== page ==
Posted by: Wonderduck at 10:50 PM | Comments (3) | Add Comment
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1 There are breaks, good and bad luck, in every battle and every war. But the way so many critical things broke in favor of the Americans in the Battle of Midway has led me to consider the possibility of meddling by time travelers. In particular, the fact that the only Japanese scout plane to be launched late was the one that found Yorktown, but there are others as well.

Posted by: Steven Den Beste at January 04, 2009 02:13 PM (+rSRq)

2 ...the fact that the only Japanese scout plane to be launched late was the one that found Yorktown...

Wait, it gets better.  If the Tone's scout plane had launched on time, it wouldn't've found the Yorktown's group until it was on the way back to base.  Upshot?  Probably wouldn't've lost the Yorktown, as the Japanese second strike would have been launched against Midway.

Wait, it gets even better than that: the Tone's scout plane cut his outbound leg short.  Nobody knows why... but we DO know it wasn't because he saw the Yorktown group, considering where he made the turn and where the Yorktown was at that time.  So if the scout plane hadn't've made the turn when he did, it would'nt've found the Yorktown until much later, and perhaps never.  Upshot?  Yorktown probably lives.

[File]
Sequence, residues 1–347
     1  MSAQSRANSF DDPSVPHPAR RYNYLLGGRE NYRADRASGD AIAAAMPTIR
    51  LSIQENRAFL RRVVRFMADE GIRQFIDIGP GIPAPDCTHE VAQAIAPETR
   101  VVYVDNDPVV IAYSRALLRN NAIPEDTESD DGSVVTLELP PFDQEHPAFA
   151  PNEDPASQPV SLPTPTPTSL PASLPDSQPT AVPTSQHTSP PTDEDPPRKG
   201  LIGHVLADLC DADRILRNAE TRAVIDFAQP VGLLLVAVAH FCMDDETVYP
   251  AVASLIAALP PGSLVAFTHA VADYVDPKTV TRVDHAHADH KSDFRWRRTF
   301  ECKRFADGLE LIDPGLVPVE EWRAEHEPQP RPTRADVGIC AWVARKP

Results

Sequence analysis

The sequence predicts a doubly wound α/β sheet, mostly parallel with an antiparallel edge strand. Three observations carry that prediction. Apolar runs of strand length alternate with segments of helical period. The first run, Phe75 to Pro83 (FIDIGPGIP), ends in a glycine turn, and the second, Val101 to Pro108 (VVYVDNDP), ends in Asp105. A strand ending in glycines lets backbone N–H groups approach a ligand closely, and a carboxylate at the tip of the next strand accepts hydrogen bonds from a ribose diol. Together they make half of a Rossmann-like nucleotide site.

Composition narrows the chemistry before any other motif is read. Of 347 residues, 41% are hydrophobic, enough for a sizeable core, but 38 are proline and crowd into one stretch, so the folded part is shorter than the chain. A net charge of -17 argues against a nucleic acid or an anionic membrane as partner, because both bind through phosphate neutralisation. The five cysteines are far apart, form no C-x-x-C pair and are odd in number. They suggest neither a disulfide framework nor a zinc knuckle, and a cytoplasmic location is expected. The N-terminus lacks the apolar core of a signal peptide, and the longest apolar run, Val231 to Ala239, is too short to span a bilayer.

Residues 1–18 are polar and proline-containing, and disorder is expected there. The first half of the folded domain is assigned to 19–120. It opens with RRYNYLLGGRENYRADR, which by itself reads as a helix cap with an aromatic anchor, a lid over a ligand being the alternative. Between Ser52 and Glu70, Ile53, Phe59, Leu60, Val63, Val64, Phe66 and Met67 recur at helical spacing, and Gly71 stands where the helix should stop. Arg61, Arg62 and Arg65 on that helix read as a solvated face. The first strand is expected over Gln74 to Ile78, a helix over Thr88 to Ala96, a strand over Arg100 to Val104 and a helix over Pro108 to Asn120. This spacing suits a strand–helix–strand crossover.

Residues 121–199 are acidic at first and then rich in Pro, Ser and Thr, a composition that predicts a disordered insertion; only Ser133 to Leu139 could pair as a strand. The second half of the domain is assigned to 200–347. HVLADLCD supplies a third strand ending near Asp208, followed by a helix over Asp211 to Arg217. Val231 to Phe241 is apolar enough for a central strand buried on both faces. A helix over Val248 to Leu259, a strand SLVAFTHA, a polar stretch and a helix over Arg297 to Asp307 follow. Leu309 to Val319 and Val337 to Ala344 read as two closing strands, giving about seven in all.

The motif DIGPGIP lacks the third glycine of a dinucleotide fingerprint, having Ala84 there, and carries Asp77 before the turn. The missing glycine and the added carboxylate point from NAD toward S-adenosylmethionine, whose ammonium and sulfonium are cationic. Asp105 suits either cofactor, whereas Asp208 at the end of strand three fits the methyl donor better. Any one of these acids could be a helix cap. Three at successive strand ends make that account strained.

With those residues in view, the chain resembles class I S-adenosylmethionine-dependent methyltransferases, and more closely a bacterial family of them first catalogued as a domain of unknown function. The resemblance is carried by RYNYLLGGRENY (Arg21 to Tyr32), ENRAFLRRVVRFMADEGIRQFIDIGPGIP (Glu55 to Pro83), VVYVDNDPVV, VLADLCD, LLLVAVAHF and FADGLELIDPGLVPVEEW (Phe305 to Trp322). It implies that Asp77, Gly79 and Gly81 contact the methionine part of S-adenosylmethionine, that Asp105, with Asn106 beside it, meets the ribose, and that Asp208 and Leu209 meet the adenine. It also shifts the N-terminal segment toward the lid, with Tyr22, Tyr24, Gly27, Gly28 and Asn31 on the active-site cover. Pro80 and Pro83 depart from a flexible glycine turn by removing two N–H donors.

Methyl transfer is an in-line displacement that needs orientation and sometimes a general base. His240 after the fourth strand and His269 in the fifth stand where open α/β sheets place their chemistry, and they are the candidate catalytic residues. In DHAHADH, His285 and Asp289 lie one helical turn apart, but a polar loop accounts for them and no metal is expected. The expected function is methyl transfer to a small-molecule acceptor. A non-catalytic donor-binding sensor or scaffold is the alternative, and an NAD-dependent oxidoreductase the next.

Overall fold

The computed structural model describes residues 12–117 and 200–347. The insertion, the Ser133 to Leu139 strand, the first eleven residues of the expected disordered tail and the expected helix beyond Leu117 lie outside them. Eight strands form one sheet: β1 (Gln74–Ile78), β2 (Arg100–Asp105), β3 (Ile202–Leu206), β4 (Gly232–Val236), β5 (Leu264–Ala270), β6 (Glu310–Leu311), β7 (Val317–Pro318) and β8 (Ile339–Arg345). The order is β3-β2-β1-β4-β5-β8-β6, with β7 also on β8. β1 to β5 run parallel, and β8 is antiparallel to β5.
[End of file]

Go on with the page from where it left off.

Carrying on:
Luck cuts both ways.

Posted by: Wonderduck at January 04, 2009 03:14 PM (sh9fy)


You're right that luck cuts both ways, and it's a truism that in the end the side that makes the fewest big mistakes nearly always wins. Nimitz rightly deserves major credit for the victory because he was able to leverage his advantages and his luck, and minimize the Japanese advantages and luck, and was a savvy enough poker player to be willing to go "all in" when he thought he had a chance of a major victory.

But it didn't have to result in a major victory for the Americans. There were a hell of a lot of ways it could have gone very, very badly. (As, of course, you know full well.)

Posted by: Steven Den Beste at January 04, 2009 04:24 PM (+rSRq)